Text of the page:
- Lastly, and perhaps, most important, a good business plan needs a lot of detailed financial information. We would expect to see a projected cashflow statement as well as projected balance sheets and income statements for the first 1-2 years. The information in your financials should also be explained so the reader understands where your estimates come from. We want to see that your plan is realistic.
How long should a business plan be in length?
HS: It can vary. A lot of people think it needs to be 50 pages, but it certainly doesn’t. You want to be concise but still include all the important information. As long as you cover all these key areas, you don’t need to go into lots of detail. I’ve seen good plans that are fewer than five pages long, and good plans that were 30 pages long.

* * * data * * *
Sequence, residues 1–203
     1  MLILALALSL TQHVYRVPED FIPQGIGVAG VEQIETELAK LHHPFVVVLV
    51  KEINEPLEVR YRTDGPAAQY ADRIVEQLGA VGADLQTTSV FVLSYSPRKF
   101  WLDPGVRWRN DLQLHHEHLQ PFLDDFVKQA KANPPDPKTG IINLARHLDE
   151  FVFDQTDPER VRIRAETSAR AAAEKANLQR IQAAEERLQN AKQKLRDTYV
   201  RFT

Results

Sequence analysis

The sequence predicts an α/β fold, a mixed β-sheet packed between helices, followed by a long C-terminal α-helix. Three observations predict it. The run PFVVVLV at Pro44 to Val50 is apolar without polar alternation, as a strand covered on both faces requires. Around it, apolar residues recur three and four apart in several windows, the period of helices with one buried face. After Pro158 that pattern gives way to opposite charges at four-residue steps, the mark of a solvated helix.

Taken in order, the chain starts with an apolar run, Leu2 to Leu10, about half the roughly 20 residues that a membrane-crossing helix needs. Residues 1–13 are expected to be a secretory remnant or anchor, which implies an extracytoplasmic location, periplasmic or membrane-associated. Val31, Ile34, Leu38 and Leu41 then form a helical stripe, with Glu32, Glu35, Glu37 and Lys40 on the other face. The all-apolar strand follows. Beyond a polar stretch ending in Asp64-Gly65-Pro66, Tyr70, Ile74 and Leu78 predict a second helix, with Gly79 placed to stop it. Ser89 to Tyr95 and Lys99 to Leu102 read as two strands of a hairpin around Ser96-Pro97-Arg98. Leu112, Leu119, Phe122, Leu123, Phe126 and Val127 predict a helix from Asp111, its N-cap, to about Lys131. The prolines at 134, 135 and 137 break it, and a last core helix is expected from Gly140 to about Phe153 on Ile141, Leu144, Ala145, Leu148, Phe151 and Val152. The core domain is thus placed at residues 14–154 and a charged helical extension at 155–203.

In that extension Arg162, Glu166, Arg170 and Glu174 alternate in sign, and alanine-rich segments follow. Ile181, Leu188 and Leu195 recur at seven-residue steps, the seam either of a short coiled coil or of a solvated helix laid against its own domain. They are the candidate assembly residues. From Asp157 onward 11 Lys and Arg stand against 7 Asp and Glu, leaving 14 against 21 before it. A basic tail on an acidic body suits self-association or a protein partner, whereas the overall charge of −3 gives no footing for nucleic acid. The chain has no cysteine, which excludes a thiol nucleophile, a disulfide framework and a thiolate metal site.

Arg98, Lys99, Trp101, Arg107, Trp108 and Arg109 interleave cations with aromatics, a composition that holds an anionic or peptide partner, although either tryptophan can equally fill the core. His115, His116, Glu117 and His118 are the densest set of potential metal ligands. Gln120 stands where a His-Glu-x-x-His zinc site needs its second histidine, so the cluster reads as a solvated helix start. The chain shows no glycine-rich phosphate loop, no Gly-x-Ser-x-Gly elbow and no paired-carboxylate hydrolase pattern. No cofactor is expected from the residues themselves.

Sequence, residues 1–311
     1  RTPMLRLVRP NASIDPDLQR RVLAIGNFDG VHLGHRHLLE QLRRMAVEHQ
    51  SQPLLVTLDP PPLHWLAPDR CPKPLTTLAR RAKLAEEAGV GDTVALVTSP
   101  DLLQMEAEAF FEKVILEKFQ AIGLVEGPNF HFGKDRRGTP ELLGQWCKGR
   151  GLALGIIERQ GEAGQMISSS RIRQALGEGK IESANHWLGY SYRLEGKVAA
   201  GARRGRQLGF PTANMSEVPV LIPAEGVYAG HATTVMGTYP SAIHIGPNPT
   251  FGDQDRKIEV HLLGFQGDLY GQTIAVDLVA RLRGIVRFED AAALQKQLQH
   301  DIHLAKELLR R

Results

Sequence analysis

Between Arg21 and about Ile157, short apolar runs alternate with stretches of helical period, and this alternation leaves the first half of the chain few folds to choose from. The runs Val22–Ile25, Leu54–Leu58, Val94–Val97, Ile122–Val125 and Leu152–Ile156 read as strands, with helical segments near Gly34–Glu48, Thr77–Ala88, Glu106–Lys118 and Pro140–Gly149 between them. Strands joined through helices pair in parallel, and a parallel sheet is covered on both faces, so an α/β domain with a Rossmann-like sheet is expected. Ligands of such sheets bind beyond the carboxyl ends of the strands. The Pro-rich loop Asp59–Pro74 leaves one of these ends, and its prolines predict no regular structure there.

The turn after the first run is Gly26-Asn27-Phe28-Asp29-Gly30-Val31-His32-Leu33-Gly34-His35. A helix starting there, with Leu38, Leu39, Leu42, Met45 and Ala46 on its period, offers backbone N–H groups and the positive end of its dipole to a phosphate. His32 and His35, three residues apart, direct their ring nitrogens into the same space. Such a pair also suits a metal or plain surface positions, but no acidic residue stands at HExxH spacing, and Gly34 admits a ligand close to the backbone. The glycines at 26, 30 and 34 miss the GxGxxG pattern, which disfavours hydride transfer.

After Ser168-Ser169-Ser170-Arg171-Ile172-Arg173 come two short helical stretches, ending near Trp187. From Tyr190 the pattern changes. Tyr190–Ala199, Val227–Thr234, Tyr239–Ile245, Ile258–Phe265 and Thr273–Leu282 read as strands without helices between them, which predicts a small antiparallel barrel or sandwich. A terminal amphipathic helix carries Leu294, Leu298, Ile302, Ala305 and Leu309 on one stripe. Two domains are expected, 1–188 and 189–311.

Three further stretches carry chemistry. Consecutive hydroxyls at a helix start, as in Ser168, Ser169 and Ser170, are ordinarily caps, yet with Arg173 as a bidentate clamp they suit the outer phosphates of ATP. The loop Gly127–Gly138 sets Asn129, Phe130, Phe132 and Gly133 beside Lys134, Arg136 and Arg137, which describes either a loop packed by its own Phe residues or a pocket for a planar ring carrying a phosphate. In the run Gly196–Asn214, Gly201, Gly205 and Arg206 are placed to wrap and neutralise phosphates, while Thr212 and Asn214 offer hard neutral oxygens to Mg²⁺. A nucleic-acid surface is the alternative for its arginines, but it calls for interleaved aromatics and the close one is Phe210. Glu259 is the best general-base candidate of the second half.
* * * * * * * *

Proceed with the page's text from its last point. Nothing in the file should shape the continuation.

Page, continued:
How you should approach your business plan differently based on the type of business you run – for example, a start-up versus an existing business?
HS: A start-up business should definitely include all the elements noted above, and should be detailed enough that readers who are not in that industry can understand. For an existing business, your plan may be shorter as you can start with a summary of the business and operations up to this point, and then focus on what is coming in the future. For example, if you are moving into a new product line, you should provide detail on this new line, but you don’t need to go into that much detail about your existing products or services. Existing businesses should include actual historical financial statements as well as the projections for the coming years.